Tuesday, January 5, 2010

Malaysia burns its 'halal' fingers in the kitchen. Political, moral, and racial hypocrisy

Today, it seems as though Malaysia is trying on its own tied shoe laces. And the latest brouhaha is over a Teochew dish called 'bak kut teh' or 'pork rib soup and tea'. Now we know the consumption of pork for Muslims, is 'haram' or illicit according to the precepts of Islam.
But Malaysia is a racist society which discriminates against its Chinese or Indian citizens in ways write large and small. Licences for businesses are hard to come by for them, without bribes or greasing palms in one way or another.
Chinese food hawkers full well know that by adding 'hallal' [licit or 'kotheir sher'] a food licence is easier to obtain. Since the Teochew fare is so identified by its original names 'bak kut teh', the food sellers kept the name but substituted beef or turkey for the pork, and with a change in the meat was created 'hallal bak kut teh'. And thus began a brisk commerce until the mullahs put two cents in. They drew the line. They objected more to the use of 'halal' than to 'bak kut teh'. The whole commotion simply underscores the break on Malaysia's society as a whole. It points to the preponderant role Islam plays in a supposedly secular, multinational democracy; it is a break on 'entrepreneurship', especially when it comes to the Chinese. [Yet, the unspoken secret is that the Chinese are the brain and brawn behind Malaysia's economic prowess and development.] It re enforces hoary prejudices, accelerating a brain drain, it can ill affor d. It wallows in its own ignorance and call it 'a return to the source of all wisdom', and finds solace in its own ignorance.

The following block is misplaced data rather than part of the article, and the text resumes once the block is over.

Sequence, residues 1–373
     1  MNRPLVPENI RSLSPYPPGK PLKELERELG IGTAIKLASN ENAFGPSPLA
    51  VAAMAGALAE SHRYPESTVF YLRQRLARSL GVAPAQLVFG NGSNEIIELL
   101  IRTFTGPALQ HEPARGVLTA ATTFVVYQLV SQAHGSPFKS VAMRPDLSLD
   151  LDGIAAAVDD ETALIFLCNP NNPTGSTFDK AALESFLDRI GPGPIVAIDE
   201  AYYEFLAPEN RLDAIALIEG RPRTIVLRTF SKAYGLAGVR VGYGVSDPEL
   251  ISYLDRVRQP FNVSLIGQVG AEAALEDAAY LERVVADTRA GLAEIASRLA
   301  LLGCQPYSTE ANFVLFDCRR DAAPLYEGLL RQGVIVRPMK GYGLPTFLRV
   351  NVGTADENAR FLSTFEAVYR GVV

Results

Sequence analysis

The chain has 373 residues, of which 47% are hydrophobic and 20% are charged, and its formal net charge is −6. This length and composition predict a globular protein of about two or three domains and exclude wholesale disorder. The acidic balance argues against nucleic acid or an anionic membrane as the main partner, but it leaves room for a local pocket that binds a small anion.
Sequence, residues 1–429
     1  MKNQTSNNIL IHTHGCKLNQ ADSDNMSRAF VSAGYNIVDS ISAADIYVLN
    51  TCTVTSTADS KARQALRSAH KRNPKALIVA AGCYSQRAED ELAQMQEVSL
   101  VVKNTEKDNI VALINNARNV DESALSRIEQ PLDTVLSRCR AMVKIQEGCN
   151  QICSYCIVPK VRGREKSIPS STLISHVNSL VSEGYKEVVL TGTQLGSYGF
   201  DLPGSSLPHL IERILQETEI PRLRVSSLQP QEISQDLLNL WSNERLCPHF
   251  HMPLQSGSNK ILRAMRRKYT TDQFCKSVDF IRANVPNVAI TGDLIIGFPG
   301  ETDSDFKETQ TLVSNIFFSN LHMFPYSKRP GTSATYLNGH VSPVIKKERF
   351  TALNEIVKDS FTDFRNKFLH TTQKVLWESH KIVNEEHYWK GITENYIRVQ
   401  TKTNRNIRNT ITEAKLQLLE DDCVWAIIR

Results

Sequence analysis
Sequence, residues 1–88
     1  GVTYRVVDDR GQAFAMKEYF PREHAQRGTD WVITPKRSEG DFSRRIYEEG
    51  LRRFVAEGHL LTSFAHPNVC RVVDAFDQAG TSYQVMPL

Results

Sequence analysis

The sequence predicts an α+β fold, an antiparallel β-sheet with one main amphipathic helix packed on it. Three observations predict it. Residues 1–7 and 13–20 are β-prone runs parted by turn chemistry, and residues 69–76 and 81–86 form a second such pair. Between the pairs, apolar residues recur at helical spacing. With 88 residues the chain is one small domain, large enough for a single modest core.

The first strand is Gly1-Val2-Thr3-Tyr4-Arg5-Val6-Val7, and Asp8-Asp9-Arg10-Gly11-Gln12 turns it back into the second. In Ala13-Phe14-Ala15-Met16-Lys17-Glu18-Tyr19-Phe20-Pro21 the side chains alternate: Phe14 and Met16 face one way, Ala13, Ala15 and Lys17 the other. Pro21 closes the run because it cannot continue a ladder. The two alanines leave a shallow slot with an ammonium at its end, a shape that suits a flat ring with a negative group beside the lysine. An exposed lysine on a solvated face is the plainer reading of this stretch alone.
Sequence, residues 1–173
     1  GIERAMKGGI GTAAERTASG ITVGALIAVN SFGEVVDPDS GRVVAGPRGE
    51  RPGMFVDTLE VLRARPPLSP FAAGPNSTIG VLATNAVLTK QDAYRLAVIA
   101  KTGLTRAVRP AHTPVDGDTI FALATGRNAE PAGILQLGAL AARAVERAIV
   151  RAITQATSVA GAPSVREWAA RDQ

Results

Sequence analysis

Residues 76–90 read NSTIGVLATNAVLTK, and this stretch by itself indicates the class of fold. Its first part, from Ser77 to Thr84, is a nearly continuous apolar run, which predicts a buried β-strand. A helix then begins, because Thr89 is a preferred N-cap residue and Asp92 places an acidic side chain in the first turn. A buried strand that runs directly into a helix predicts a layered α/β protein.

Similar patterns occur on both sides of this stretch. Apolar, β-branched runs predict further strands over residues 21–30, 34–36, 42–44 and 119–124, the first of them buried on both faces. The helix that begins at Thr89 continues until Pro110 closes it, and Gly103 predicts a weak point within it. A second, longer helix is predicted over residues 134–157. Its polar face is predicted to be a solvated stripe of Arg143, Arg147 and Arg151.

Saying this, it doesn't escape GuamDiary's notice that oddly enough, in Malaysia's posh hotels, 'halal' champagne can be got for asking. Which once again highlights in glaring light, the hypocriscy of it all. And sends out loud and clear, what the Malay elite say is the law, and the font of all wisdom. Malaysia's mullahs and elites may take cold comfort in that, but even to its lowliest peasant, the pretense of moral superiority is a laughable matter!

No comments:

Post a Comment